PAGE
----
Michelle Goldberg of the New York Times said that the “taboo” on speaking out on Israel is real, and many progressives feel they will suffer professional consequences for doing so. “I feel it is very difficult to speak rationally and forthrightly about real human rights abuses in the West Bank,” she said.
Goldberg also said that the base of the Democratic Party supports Boycott, Divestment and Sanctions (BDS) in line with two congresswomen, Rashida Tlaib and Ilhan Omar, that’s “a lot of the future of the party,” and the left is noticing the pattern of attacks by the Jewish community on African American women over Israel and seeing the attacks as in bad faith.
The columnist spoke last night in New York at the Streicker Center of Temple Emanu El in a panel on “Across the Divide: Speaking Candidly and Constructively About Israel.” Goldberg was the only true liberal on the panel regarding Israel. Former Ambassador Daniel Shapiro, Jonathan Greenblatt of the ADL, Mona Charen and Michael Doran (the only non-Jew on the panel) were all boosters of the Israeli government and its policies, albeit with mild criticisms of the settlement project. No declared non-Zionists or anti-Zionists or Palestinians to be seen! Though Goldberg stood up for IfNotNow.
The discussion is on video here. Goldberg began by explaining that Israel’s rationale for its future has no traction on the left.
It is very hard to explain to an American liberal, particularly someone who is on the left and young that basically the Palestinians should be denied their right to self-determination in perpetuity because otherwise it would threaten the demographic interest of the Jewish people. I don’t think leftists would accept that argument about any other people. I actually don’t think liberals would make that argument about any other people…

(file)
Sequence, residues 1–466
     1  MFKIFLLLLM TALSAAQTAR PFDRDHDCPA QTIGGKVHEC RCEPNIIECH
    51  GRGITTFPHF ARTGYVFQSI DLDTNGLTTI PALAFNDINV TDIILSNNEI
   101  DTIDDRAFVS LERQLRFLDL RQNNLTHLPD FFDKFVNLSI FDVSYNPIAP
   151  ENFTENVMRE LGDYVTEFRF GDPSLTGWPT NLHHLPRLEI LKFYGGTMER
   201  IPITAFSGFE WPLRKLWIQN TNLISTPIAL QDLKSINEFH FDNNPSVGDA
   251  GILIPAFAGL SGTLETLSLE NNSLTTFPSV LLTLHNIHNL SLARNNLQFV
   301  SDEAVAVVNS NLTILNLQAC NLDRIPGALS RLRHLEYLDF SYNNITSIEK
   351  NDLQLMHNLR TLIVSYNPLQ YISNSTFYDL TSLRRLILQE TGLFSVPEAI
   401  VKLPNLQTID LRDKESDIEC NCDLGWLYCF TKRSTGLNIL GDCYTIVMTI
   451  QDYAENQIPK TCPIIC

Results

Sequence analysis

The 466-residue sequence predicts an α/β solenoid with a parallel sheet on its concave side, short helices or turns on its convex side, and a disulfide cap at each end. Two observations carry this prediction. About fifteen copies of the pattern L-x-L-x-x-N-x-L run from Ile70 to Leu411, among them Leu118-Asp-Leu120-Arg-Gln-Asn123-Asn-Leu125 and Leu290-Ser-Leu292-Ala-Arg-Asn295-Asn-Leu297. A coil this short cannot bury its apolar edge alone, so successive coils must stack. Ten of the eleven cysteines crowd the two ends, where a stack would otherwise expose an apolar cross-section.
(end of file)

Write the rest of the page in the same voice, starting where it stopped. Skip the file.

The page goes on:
Then she responded to Daniel Shapiro’s assertion that only a “tiny minority” of the Democratic Party is for Boycott, Divestment and Sanctions.
As you said, there are only two members of Congress who have come out for BDS– but that is where a lot of the base of the party is. That’s where a lot of the future of the party is…. Although right now you see Eliot Engel an old line Democrat with conventional foreign policy views doesn’t want Rashida Tlaib to lead a congressional delegation to Palestine, I think that Rashida Tlaib’s and Ilhan Omar’s views about where our sympathies should lie in the region are probably ascendant.
Greenblatt asked Goldberg why “anti-Zionism catalyzes anti-semitism.” Why does “a liberal crowd that identifies with human rights and the oppressed so often resort to anti-semitic tropes when they talk about Israel”?
She refused to take the bait.
We fundamentally disagree on whether anti-Zionism and anti-semitism are the same thing, right, so I’m just not going to concede that that’s necessarily antisemitic. Though I would not defend Ilhan Omar’s tweet [of 2012 saying “Israel hypnotizes the world”] which I don’t thinks she is defending any more either; she apologized for it– there is leftwing anti-semitism. It’s been a constant, I think it’s more a problem for example in the UK than it is here, but it’s absolutely there. You see it in the controversy over the women’s march.